The identification of argument with war is so complete that if you try to suggest some alternative way of thinking about what argument is — It’s an attempt to achieve mutual understanding; It’s a means of clarifying our views — you’re almost certainly going to be denounced as a wishy-washy, namby-pamby sissy-britches.
When I moved to New York and started writing a column for the New York Post, I started getting invited on cable TV a fair amount. I was not a good guest. I tried to listen to what my opponents were saying, and respond in kind. What the producers actually wanted was for me (and all the guests) to be combative, and to double down on our initially stated opinion. The point was not to argue as a means to understand, but rather to inflame one’s own side, and, with luck, humiliate the other. It’s interesting to observe how this idea has been widely absorbed in our society. It’s what drives the Social Justice Warriors on campus who are attempting to silence any dissent, but this approach is more general than we care to consider.
I don’t believe that purely disinterested Reason is possible. We always have to reason from some premises. But surely we should seek to be as broad-minded as possible regarding the possibility that we may be wrong, if only for the sake of strengthening our own convictions by refining them in light of logic and evidence.
Sounds naive, I know. But if we abandon this stance, we ultimately embrace nihilism — the belief that Truth is what serves power — though this nihilism might be cloaked in conviction.
One more thing: I am thinking at this moment of a well-known conservative Christian intellectual. During the Bush years, he was once asked — not by me — how he could support publicly the position of other public intellectuals on the Right (national security hawks, if memory serves) who believed things he opposed. How do you justify that? asked his interlocutor. The Christian intellectual’s response: people like me need to do that to get the things we want, politically, like pro-life legislation.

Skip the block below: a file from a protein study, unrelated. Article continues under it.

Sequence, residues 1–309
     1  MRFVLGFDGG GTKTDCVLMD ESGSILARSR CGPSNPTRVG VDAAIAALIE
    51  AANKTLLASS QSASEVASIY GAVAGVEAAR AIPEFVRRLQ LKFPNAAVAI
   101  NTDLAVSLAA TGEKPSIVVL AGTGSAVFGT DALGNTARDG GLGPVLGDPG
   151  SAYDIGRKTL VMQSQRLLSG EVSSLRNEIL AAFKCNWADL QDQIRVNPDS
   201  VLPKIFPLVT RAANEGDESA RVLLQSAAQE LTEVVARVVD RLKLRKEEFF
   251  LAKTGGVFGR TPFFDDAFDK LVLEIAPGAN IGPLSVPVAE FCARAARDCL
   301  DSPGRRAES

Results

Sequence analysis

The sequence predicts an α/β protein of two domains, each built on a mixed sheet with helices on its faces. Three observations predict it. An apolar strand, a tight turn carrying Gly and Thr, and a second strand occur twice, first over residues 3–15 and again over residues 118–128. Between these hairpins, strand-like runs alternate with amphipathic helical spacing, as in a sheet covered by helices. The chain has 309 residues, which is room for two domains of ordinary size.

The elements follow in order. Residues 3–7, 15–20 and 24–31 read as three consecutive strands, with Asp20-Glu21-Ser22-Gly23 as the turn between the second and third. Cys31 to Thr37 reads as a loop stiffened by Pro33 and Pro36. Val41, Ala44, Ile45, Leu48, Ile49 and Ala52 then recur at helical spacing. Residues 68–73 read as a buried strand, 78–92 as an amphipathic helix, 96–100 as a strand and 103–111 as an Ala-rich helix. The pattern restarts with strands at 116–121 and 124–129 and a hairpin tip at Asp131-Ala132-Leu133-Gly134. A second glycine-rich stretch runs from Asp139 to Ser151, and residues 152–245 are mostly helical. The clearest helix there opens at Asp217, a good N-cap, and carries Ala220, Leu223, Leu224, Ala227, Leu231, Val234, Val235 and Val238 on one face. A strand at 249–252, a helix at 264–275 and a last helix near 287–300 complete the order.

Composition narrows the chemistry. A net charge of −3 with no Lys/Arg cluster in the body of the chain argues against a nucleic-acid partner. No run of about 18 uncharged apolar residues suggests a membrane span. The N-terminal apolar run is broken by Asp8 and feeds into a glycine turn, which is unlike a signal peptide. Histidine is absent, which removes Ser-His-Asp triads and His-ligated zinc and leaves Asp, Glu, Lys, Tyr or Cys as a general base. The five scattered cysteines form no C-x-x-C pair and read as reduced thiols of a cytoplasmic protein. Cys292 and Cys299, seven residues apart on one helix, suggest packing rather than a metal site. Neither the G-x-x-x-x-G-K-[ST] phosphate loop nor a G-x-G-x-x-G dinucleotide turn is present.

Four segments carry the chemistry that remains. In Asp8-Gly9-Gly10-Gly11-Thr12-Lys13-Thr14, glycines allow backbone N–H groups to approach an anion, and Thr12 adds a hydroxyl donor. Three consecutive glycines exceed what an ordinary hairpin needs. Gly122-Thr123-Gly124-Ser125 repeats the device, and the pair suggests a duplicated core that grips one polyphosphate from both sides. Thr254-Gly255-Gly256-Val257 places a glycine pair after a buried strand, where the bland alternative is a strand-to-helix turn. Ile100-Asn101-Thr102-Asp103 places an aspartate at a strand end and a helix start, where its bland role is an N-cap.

There is a certain logic to that. The mutual friend of mine and this intellectual’s who repeated the story told it as an account of how political strategizing had corrupted our friend’s thought. And he was right, to a point. But I knew the Christian intellectual well enough to understand that the deepest truth about him was that he was a vain main who considered himself to be part of the Inner Ring — and loved it.
I had a lot of that in me too back then, which is what this post yesterday concerned. Come to think of it, it is no doubt good for my soul that I joined a church — the Orthodox Church — that has no cultural power in the United States, and that I moved out of the centers of power in my world, to Flyover Country. The corrupting power of the Inner Ring is immense. As with the Ring in Tolkien’s universe, we like to tell ourselves that if only we had that power, we would use it for good. But it always ends up using us, and destroying the things that are best in us, including our Reason.
Anyway, pre-order Alan’s book, How To Think. You will be so very glad that you did. I’ll be publishing an interview with him about it on this site soon.